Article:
Professor of Toxicology and Molecular Epidemiology John Wise is a man on a mission.

The statistics alone from the 2010 University of Southern Maine and Ocean Alliance research expedition to research the effects of the Gulf of Mexico oil disaster are mind-boggling.

They racked up a total of 115 days aboard the 93-foot research vessel Odyssey; more than 6,500 miles traveled; some 52 whale biopsies, 466 fish samples (from 82 fish), 127 vials of invertebrate samples and 9 vials of sargassum weed collected; 90 liters of seawater collected at 15 sites; and 6.3 kilograms of sediment collected from another 10 sites.

Now, nearly 12 weeks after the completion of the voyage, research continues in USM’s Wise Laboratory of Environmental and Genetic Toxicology on Falmouth Street here in Portland.

This remains the only project anywhere that is designed to develop whale cell lines required to research the impact of the massive spill on whales.

EFFECTS OF OIL

Essentially, Dr. Wise, the scientific director of the expedition, is growing whale cells from the tissue samples and exposing the cells to toxins to determine the impact of oil and chemical dispersants on whale DNA.

Any molecular damage could lead to cancer or reproductive problems, over time, that could easily decimate the Gulf’s whale population.

Preliminary findings also show that the dispersants used to break up the oil could have an adverse affect on human cells.

Dr. Wise and his team will report their initial analysis this spring. Their findings will serve as a baseline for ongoing studies of the spill’s long-term impact.

In fact, he plans to return regularly to the Gulf over the next five to 10 years so that any long-term effects can be verified and quantified.

In addition to documenting toxicological and environmental issues, this project has already proven to be an unusual and transformative experience for all those onboard, including 14 Maine students.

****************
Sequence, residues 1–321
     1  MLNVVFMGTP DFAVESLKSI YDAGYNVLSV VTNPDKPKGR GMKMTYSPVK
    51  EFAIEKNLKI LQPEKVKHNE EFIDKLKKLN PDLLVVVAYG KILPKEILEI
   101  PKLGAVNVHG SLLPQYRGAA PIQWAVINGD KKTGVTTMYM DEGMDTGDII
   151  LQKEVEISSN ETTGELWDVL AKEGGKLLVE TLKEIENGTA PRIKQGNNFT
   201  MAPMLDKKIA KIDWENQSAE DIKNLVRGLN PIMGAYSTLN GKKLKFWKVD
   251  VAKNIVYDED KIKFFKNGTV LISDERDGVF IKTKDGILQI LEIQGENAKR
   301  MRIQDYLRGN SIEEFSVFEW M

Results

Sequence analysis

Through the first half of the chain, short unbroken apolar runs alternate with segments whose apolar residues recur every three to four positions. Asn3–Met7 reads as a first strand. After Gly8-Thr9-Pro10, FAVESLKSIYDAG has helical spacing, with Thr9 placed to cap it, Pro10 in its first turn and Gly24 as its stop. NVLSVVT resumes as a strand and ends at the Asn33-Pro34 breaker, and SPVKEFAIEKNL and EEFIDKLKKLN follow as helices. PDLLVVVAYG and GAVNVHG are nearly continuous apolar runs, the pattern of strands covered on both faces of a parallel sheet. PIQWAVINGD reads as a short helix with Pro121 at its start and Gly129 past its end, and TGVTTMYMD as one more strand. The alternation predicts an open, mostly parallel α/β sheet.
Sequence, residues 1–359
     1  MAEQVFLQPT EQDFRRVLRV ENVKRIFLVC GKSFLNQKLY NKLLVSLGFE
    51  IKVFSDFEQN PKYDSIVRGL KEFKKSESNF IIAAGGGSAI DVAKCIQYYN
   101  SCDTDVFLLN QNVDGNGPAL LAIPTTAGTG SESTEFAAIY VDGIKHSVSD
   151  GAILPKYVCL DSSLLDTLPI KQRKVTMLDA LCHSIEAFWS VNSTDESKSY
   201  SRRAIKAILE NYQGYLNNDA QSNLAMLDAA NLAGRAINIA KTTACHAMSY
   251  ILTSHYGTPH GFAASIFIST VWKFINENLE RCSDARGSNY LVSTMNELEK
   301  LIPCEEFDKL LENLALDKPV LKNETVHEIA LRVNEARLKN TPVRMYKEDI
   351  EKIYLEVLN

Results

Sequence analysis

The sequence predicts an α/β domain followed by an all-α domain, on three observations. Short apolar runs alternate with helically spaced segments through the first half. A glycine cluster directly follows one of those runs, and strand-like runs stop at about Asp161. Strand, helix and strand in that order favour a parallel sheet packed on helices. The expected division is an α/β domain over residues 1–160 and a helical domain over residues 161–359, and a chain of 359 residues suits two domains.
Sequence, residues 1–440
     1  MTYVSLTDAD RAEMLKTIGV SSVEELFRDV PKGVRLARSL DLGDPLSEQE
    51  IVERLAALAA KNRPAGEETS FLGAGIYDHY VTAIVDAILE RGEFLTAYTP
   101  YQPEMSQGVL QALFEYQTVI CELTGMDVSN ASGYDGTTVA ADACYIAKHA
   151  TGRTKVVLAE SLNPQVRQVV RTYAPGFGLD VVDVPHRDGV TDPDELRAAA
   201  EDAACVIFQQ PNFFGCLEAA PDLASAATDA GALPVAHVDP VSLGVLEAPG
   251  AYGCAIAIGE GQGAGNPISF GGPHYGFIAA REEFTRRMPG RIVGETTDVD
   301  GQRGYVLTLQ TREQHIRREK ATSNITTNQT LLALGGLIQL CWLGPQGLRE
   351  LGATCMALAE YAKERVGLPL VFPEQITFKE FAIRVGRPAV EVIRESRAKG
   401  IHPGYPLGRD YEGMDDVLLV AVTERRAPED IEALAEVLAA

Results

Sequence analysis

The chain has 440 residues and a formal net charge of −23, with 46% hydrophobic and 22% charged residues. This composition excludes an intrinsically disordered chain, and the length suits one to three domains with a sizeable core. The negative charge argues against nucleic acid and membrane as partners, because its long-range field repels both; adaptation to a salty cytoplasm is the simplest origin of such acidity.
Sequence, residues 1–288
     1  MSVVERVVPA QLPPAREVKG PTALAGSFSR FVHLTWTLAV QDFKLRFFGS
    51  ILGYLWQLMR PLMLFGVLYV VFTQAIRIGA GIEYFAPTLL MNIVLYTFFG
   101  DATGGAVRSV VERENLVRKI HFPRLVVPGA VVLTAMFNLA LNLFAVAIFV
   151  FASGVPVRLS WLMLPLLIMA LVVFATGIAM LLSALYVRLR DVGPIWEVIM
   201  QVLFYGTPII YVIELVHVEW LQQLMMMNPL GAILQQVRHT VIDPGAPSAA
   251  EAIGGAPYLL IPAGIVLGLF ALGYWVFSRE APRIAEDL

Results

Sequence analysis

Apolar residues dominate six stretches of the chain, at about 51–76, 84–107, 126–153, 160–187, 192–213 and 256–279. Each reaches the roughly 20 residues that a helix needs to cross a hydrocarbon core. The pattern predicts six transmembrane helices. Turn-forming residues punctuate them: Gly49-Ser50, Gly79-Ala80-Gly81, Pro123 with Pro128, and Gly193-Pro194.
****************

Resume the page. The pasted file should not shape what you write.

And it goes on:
Of those 14 students, USM undergrad chemistry major Matt Braun and Dr. Wise’s son, Johnny, who is working on a bachelor’s degree in biology, were aboard for the entire 115-day expedition.

They spent the summer and the fall spotting whales atop an 80-foot mast, conducting whale biopsies, and working in the onboard cell culture lab.

Matt and Johnny also registered for, and I am proud to report, successfully completed a full load of USM online courses during the fall 2010 semester.

Nothing captures the students’ perseverance, commitment, and thrill of discovery quite like their own voices.

Allow me to share with you an excerpt from one of Matt’s blog postings from late August.

“Being one of the cell culturists on the boat is a very rewarding job. About 10 days after the samples were put into culture, the cells began to grow out of the tissue pieces.

“Waiting for those cells to grow and finally seeing them under the microscope was like opening up presents on Christmas morning while snow was gently covering the ground in a fluffy blanket.

“Successfully growing whale cells on a boat is something that only a handful of people have ever done, and they were all on this trip!”

Ryan Duffy, who is pursuing a bachelor’s degree in biotechnology, posted this blog in early August about his two weeks aboard the Odyssey: “This was easily two of the most interesting and exciting weeks of my life and I was nauseous 60 percent of the time.”

Dr. Wise himself somehow escaped seasickness and found the time to post blogs that documented each of the expedition’s 115 days.

I read them avidly, and they offer an informative, and yes, entertaining account of the often exciting, sometimes boring, yet always productive days at sea and in port.

YEARS OF WORK

In an October post directed more at the crew than anyone, he writes, “We have to look at and judge this expedition in its entirety not any 1 leg as a microcosm of it. Our nation had its worst environmental crisis.”

He continues, “We planned and hoped and made our best guesses at what to do. We knew then we were starting on what would be years of work.”

I am proud that this university, in collaboration with the Ocean Alliance, continues to assess the impact of the catastrophic BP oil spill.

The expedition has given us the opportunity to apply the university’s intellectual resources to a better understanding of this ecological disaster.

It also continues to provide our researchers and students hands-on experiences with a unique and historic project.

And as Dr. Wise so aptly pointed out, “We are not done yet!”

Selma Botman is president of the University of Southern Maine. She can be contacted at:

[email protected]